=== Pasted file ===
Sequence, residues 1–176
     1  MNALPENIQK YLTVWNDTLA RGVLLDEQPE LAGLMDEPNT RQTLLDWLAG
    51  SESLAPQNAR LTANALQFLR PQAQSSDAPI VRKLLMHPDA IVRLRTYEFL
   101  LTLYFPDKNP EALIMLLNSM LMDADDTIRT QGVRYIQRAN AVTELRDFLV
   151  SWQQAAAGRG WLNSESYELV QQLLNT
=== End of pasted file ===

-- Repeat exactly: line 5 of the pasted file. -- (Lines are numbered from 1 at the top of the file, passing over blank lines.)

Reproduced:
   151  SWQQAAAGRG WLNSESYELV QQLLNT